By Gilles Guillaume and Giulio Piovaccari
PARIS/MILAN (Reuters) – Shareholders in Fiat Chrysler (FCA) and Peugeot owner PSA gave their blessing on Monday to a $52 billion mega-merger, one of the last steps towards creating Stellantis, the world’s fourth largest automaker.
With annual production of around 8 million vehicles worldwide and revenues of more than 165 billion euros ($203 billion), Stellantis is expected to play a key role in the auto industry’s jump into the new era of electrification.
Stellantis will have 14 brands, from FCA’s Fiat, Maserati and U.S.-focused Jeep, Dodge and Ram to PSA’s traditionally Europe-focused Peugeot, Citroen, Opel and DS.
At two separate extraordinary shareholder meetings, held virtually due to the pandemic, investors in each group backed the merger with approval rates above 99% of votes cast.
“We are ready for this merger,” PSA Chief Executive and Stellantis future CEO Carlos Tavares said, adding that the date for the closure of the deal would be announced shortly. He said the deal had now passed all regulatory tests.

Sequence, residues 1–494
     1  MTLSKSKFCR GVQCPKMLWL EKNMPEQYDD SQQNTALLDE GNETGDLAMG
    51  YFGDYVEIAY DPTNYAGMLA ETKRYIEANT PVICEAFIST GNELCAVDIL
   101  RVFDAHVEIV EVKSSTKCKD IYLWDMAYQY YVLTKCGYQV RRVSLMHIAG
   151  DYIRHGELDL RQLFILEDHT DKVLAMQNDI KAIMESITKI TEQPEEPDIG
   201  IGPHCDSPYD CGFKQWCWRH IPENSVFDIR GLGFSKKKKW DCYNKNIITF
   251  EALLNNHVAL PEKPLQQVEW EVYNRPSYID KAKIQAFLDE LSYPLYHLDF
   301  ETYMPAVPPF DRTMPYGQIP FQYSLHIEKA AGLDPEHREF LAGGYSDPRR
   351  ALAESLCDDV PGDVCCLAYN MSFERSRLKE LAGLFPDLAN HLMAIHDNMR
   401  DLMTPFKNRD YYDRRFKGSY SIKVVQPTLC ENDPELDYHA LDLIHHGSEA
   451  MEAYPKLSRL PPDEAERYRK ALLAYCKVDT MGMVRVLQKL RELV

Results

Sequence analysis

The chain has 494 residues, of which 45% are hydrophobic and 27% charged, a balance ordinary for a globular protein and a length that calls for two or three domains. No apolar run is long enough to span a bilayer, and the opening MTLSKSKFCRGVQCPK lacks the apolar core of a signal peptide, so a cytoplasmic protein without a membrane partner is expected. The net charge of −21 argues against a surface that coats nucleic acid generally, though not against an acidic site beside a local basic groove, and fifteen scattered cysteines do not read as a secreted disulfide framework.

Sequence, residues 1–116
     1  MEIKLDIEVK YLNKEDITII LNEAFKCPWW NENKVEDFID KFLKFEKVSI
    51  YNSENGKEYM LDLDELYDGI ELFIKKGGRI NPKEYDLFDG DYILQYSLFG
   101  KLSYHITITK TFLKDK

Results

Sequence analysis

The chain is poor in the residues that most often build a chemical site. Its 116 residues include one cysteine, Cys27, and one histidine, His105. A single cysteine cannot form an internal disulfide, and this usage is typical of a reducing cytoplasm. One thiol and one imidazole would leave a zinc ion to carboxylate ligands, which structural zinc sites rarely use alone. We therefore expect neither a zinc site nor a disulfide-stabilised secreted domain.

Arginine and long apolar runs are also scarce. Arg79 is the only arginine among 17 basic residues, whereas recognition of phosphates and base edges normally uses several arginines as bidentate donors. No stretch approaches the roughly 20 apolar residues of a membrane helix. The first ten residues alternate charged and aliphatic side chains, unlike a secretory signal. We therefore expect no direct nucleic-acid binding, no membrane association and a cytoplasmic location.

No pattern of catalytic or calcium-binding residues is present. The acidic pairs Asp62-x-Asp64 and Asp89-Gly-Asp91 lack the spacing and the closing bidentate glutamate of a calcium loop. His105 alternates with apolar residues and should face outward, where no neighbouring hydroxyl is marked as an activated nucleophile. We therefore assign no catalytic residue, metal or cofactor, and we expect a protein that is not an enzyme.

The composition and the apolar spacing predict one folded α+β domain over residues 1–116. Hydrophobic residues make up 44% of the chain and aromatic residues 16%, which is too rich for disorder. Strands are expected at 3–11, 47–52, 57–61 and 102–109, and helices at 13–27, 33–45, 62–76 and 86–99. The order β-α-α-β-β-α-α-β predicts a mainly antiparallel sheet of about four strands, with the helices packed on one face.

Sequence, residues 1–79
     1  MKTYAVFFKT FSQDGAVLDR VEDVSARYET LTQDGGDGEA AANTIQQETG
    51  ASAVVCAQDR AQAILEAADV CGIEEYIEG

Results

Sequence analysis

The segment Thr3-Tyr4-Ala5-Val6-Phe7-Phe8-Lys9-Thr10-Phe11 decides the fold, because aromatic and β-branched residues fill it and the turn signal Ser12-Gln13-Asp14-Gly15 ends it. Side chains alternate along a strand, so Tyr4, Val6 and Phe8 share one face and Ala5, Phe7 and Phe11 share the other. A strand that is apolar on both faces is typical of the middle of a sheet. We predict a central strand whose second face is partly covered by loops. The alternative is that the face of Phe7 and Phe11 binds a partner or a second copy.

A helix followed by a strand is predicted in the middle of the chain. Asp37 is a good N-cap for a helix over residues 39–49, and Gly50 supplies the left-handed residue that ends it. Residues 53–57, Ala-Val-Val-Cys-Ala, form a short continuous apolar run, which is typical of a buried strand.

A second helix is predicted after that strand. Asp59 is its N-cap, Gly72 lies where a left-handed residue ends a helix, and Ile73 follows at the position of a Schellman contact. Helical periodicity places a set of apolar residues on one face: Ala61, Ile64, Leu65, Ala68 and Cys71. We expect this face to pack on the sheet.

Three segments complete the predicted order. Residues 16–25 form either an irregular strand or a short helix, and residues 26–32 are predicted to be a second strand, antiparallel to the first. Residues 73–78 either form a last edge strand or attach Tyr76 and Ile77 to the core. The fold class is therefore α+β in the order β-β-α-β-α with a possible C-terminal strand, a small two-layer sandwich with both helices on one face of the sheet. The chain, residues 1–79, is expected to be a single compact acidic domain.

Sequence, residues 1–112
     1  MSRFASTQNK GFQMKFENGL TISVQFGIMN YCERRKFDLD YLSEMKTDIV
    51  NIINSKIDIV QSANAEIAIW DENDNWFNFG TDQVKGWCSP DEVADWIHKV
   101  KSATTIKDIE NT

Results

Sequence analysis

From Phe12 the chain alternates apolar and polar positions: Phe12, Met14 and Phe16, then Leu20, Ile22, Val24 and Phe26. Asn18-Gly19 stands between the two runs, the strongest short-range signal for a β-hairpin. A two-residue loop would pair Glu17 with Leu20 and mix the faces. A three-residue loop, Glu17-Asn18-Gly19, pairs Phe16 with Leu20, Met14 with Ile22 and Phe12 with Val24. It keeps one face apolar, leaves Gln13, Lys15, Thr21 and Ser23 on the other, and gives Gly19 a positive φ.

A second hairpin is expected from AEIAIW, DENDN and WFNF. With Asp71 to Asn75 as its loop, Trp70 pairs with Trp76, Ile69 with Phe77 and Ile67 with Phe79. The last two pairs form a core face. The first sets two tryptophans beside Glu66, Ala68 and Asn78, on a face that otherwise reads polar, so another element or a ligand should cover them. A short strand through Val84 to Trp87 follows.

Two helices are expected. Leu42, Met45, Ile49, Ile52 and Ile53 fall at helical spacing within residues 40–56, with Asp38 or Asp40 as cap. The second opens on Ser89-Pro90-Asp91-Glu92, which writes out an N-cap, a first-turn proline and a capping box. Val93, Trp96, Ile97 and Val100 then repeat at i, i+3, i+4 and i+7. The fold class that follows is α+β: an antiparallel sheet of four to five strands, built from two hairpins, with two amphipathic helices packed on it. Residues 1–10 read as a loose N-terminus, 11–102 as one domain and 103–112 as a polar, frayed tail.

Tavares will have to revive the carmaker’s fortunes in China, rationalize a sprawling global empire and address massive overcapacity, as well as focus like rivals on creating cleaner cars.
FCA Chairman John Elkann, the future chairman of Stellantis, said the new automaker would “play a leading role as the next decade redefines mobility”.
FCA CEO Mike Manley, who will head key north American operations for Stellantis, said 40% of the expected synergies form the merger – projected at more than 5 billion euros, will come from convergence of platforms and powertrains and from optimizing R&D investments.
Manley said 35% of synergies would be driven by savings on purchases, while another 7% would come from savings on sales operations and general expenses.
The remainder of the synergies are expected from the optimization of other functions including logistics, supply chain, quality and after-market operations, he added.
FCA and PSA pledged not to close any plants after the merger. [Editor's note: Let's see how this pledge holds up in a year.]
($1 = 0.8140 euros)
Reporting by Gilles Guillaume and Sarah White in Paris, Valentina Za and Giulio Piovaccari in Milan; Editing by Kirsten Donovan, Mark Potter, David Clarke and Alexander Smith.